Dishing the Dirt: How do I get my Hydrangeas to be blue?
Published 4:33 pm Friday, June 17, 2022
We have all seen them, those beautifully blue mopheads in our neighbor’s garden. So, how do they get them to be blue? First, you need to make sure you have a species that will turn blue.
There are several types of hydrangeas that will grow well in your home landscape. There is the native Oak Leaf Hydrangea (Hydrangea quercifolia) that has amazing fall foliage and enormous spring blooms. As the season progresses, the blooms turn a copper color. Another is the common cultivar ‘Limelight’, this is the H. paniculata. There is the climbing Hydrangea, H. anomala, that grows like a vine to fill-in a trellis. We also have a Hydrangea native to the Eastern United States, the smooth or wild hydrangea (H. arborescens). However, all of these species’ flower color is dependent upon the cultivar and/or season.
There are two species that you can manipulate the flower color with, these are the Mountain Hydrangea (H. serrata) or the Big Leaf, Mop Head, or French Hydrangea (H. macrophylla). As you can see, sometimes it is much easier to know the scientific name than to keep up with all of the common names! The mountain hydrangea is a smaller version of the big leaf. It is native to Korea and Japan but grows in USDA Hardiness zones 6-9. This species generally works better in the Mountains and Piedmont of NC. As such, it is less common than the big leaf hydrangea in home gardens.
The macrophylla is probably the most common in home landscapes. This is typically considered one of the hallmarks of a southern garden. Native to Japan, it too works well in USDA Hardiness zones 6-9. The macrophylla blooms in late spring on last year’s wood so make sure not to winter prune. Instead, prune these plants right after bloom just to keep the plant in shape. It has a mound shape growing habit that rarely needs pruning. This plant likes a mix of morning sun and afternoon shade.
So, we know what species we need to get those beautiful blue flowers but how do we get them? Are yours typically pink to purple? It has everything to do with the pH of the soil. When the pH is higher, we will get purple to pink flowers. Purple flowers mean you are in the 5.5 – 6.5 range, pink flowers mean you are above 6.5 pH in most cases. Blue flowering is only possible in the 5.0 – 5.5 range (in mineral soils). Soil pH is one of the most important factors in growing any plant well. Not all plants like the same pH and some provide different results at different pH levels. This is because nutrients are only available to the plant at a certain pH range. For example, blossom end-rot in tomatoes can usually be traced back to a low pH. This is because a low pH chemically ties up Calcium such that it isn’t available to the plant. In much the same way, our blue flowers are tied to low pH because the element Aluminum is only available at a lower pH. The Aluminum is what is actually causing the blue flowering.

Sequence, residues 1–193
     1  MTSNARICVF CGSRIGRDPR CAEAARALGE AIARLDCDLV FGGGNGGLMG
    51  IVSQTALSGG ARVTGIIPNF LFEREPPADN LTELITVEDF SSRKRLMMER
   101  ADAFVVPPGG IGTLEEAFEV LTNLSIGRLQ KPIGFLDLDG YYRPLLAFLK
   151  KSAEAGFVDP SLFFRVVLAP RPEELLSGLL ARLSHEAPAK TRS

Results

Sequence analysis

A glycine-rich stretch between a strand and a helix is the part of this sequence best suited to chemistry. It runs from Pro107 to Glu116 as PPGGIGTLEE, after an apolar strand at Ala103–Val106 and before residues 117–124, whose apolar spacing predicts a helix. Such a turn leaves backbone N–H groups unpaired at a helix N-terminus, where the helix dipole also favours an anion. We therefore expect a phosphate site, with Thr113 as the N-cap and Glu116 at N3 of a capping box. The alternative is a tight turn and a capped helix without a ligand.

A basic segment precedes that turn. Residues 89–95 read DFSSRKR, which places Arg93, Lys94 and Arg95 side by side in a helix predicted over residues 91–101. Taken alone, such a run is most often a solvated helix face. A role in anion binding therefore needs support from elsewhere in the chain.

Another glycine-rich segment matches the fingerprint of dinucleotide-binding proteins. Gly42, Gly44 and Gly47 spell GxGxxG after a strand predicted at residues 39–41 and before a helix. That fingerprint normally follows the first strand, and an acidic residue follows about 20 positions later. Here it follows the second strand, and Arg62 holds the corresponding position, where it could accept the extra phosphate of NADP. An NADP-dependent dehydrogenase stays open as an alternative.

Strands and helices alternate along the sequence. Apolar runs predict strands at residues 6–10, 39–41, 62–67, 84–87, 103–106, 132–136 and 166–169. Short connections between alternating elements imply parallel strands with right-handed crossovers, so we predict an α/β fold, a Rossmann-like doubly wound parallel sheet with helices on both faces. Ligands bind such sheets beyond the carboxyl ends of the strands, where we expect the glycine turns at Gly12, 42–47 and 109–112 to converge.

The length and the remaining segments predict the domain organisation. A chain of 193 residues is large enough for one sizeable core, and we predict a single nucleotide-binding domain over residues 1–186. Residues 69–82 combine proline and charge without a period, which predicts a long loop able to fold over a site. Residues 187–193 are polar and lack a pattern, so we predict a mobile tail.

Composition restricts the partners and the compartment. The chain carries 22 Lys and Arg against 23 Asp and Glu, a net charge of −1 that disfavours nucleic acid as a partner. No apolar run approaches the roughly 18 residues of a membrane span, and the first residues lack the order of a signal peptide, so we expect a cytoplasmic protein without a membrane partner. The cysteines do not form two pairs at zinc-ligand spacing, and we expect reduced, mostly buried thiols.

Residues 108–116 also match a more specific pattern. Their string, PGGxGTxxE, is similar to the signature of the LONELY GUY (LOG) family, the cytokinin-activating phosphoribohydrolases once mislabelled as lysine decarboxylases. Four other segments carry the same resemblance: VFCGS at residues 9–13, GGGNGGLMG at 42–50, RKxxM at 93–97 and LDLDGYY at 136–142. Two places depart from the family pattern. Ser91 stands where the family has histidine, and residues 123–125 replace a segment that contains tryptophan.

If you’ve had pink or purple flowers on your mop heads in the past, you will need to do two things to get those beautiful blue flowers. First, you will need to make sure your pH is within the correct range of 5.0 – 5.5 in mineral soils. Second, you need supply aluminum to the soil through fertilizer application.
You can check the pH of your soil by sending a soil sample off to the NCDA&CS Agronomic lab. You can use one of the home test kits available at local hardware stores too. While not a foolproof test of pH, this will give you an idea of where you are. Elemental Sulfur, also available at local hardware stores, will lower the pH of the soil very quickly. It is important not to overdo it! Using 2.5 lbs. of elemental sulfur per 100 square feet will lower soil pH from 6.0 to 5.0 in a silt loam soil. For sandy soils, reduce this amount by 1/3, in clay soils, increase this amount by 1/2.
Using Aluminum Sulfate will be a little more forgiving if you don’t get it just right. However, this will take much more product to bring the pH down that much (multiply the elemental sulfur number by a factor of 6.9). However, aluminum sulfate is a fertilizer that will supply the necessary aluminum to change your flower color, this is the second part of the beautiful blue flower equation. Once your pH is in the correct range, using aluminum sulfate will ensure it stays within that range.
If you have horticulture a question, call the Extension Master Gardener Volunteers in Beaufort County or Gene Fox, the Area Consumer Horticulture agent at (252)946-0111 or please email Gene at firstname.lastname@example.org. Our Extension Master GardenerSM Volunteers in Beaufort County offer their Greenline service on Mondays and Wednesday from 10:00 – 12:00. Give us a call and let us help you GROW!